Quantum-well infrared photodetectors (QWIPs) that include two-dimensional surface grating light couplers would be modified, according to a proposal to incorporate crossed slots. It should be possible to increase signal-to-noise ratios by suitable positioning and dimensioning of the slots, as explained below.
The figure depicts part of a typical GaAs/AlGaAs QWIP with a two-dimensional surface grating light coupler. The need for, and function of, a light coupler on a QWIP is described in the preceding article. In the case of a two-dimensional surface grating light coupler, there is an important effect incidental to the basic light-coupler function; the absorption of light inside the QWIP becomes concentrated into columns under the surface grating.
Because little or no light is absorbed in regions between the columns, material could be removed from these regions without reducing photocurrent much, if at all. This leads to the concept of slots. The positions and dimensions of the slots would be chosen to correspond to the low-absorption regions.
While the incorporation of slots would exert little or no effect on photocurrent, it would significantly affect noise. The dark current of a QWIP is proportional to its effective area. In the presence of slots, the effective area would be the cross-sectional area of the columns between the slots. In a typical case, this remaining area would be only one-fourth the original area; consequently, the dark current of the slotted QWIP would be only one-fourth the dark current of the unslotted QWIP. Inasmuch as the noise current of a QWIP is proportional to the square root of its dark current, the noise current of the slotted QWIP would be reduced to half that of the unslotted QWIP, resulting in a signal-to-noise ratio twice that of the unslotted QWIP at any wavelength and temperature.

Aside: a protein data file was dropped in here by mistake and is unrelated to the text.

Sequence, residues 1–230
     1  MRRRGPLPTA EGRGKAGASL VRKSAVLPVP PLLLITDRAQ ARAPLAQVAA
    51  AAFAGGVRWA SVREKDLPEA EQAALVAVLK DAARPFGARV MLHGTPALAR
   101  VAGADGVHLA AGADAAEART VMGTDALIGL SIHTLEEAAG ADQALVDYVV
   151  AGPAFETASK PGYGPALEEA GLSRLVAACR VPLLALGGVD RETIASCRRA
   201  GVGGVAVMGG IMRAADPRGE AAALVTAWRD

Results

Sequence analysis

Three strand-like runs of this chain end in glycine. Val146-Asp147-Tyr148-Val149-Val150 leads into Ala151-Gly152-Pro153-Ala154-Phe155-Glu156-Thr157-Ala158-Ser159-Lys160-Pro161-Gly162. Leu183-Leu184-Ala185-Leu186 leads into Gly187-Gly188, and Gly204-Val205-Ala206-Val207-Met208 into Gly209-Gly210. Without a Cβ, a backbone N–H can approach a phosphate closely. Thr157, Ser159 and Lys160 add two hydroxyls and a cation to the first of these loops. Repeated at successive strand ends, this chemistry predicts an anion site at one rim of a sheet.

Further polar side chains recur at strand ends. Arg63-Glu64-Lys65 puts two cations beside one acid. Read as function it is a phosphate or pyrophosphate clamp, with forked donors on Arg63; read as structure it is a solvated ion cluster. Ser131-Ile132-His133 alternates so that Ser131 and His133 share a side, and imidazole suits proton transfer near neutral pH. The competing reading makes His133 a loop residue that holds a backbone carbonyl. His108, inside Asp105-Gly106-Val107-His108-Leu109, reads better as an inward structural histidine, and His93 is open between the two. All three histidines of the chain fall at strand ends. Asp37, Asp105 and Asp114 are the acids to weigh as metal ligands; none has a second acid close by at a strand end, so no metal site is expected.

Another anticipated benefit of slotting would be an increase in the fraction of incident light converted to polarization perpendicular to the planes bounding the quantum wells and thus an increase in light-coupling efficiency. The estimated net effect of slotting would be an enhancement of detectivity by a factor of 3 to 4.
This work was done by Sarath Gunapala, Sumith Bandara, John K. Liu, and Daniel Wilson of Caltech for NASA's Jet Propulsion Laboratory.
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